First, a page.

Football's Coming Home | The Daily Star
07:26 PM, June 16, 2020 / LAST MODIFIED: 09:03 PM, June 16, 2020

Football's Coming Home

Yes, on the television

I can't keep track of dates anymore. I have a general idea about when the work week starts and when it ends, but no track of dates. That is about to change.

If you hadn't heard already, football is back. After weeks without Sunday derbies and UEFA Champions League (UCL) nights, football is finally making its return to the big screen. It feels like it has been forever. After months of bleak and depressing news, this feels like a big win.

While the German Bundesliga had already resumed from mid-May, and Spanish La Liga starting last Friday on June 12, football has not been completely absent. But really, we all know the league whose return we have been awaiting is the English Premier League (EPL). Some fans would go so far as to call it the prodigal son. Mostly for football fans in Bangladesh.

I remember remarking in an article in April, when teams first started playing behind closed doors, that the absence of crowds made the matches feel somewhat dull. I was but a fool back then, who is now ready to not only eat his own words but even beg for a chance to watch Liverpool play, of all things. Heck, I'd even settle to watch Aston Villa play out all the remaining 92 fixtures by themselves.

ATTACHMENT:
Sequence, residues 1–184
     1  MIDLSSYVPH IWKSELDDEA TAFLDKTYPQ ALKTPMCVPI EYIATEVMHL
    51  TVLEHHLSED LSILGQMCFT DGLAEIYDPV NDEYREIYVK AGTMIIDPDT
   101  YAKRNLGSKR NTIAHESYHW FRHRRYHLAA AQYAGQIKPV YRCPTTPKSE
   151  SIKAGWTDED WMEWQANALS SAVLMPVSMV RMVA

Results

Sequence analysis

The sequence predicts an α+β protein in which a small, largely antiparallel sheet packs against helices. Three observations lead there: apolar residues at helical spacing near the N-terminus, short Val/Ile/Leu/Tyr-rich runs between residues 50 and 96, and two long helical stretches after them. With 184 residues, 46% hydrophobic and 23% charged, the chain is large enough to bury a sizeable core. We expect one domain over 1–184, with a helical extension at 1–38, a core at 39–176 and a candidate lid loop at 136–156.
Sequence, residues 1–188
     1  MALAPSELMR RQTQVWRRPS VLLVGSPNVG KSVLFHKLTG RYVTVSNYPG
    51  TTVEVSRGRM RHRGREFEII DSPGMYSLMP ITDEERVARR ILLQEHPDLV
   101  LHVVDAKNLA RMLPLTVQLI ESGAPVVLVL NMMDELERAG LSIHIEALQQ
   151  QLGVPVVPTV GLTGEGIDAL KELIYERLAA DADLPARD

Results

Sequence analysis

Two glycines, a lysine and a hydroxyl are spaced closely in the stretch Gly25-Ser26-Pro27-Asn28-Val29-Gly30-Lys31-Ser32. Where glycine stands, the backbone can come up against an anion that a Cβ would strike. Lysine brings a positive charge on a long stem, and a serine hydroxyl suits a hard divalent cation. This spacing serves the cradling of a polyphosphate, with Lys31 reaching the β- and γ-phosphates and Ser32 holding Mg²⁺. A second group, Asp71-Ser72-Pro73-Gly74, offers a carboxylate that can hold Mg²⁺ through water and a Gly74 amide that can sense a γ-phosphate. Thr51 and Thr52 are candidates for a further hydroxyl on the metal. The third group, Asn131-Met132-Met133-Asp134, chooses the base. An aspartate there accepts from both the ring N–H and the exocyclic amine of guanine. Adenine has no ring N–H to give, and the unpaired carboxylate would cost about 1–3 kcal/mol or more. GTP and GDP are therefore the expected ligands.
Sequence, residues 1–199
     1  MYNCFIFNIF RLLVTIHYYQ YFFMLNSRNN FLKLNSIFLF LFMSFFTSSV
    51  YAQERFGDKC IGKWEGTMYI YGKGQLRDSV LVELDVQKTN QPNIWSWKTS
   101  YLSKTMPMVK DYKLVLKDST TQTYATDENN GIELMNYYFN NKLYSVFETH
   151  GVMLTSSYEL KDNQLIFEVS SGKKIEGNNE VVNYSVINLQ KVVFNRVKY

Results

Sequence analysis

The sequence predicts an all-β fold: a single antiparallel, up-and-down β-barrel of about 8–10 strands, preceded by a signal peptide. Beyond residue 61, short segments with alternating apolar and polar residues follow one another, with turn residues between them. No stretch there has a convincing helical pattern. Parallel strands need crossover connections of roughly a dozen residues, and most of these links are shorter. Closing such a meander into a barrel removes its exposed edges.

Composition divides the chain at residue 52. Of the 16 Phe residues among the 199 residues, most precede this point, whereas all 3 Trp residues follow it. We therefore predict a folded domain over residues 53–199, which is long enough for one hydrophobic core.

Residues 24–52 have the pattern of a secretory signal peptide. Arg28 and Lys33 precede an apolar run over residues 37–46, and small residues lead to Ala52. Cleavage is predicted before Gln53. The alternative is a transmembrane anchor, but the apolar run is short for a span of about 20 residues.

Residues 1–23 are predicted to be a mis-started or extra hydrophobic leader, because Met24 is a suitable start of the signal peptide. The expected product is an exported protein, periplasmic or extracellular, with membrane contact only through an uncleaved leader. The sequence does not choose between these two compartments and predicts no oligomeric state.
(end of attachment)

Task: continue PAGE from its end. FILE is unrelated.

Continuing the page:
EPL is set to resume from tomorrow, June 17, 2020, with limited staff from each team and the only outsiders being TV broadcasters, journalists and radio broadcasters. There will also be pre-recorded crowd noise playing to prevent the stadium from feeling too empty. There are also talks for having a limited number of fans on live video feeds to keep morale up among the players. 

So, before it kicks off in full gear, I'd like to take a moment on behalf of all the fans -- many of whom, like me, have spent the last three months playing Football Manager just to stay sane -- to say that I am grateful.

English football had become one of the main forms of escapism for me, since I first discovered it more than a decade ago. But in recent years, I've spent plenty of time complaining about it, whether it's about VAR or my own team crumbling for the last five years. I don't think I ever appreciated the EPL enough. After all, you do take things for granted until they're taken away from you.

So, even behind closed doors, with artificial crowd noise and my team possibly failing to qualify for next year's UCL, I am ready. I'm ready to escape into English football once again. Because it really is that faithful old friend that you need in your most trying times. Now, more than ever, is when I need my old friend the most.

Aaqib is stuck in an existential crisis loop. Send help at

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